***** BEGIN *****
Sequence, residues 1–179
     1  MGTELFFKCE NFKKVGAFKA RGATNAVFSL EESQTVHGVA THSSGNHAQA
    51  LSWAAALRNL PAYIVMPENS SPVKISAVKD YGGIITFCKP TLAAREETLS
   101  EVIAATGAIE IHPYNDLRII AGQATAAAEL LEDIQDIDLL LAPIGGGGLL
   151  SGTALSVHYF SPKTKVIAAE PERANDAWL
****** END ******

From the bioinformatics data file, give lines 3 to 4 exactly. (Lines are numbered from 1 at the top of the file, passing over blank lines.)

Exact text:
    51  LSWAAALRNL PAYIVMPENS SPVKISAVKD YGGIITFCKP TLAAREETLS
   101  EVIAATGAIE IHPYNDLRII AGQATAAAEL LEDIQDIDLL LAPIGGGGLL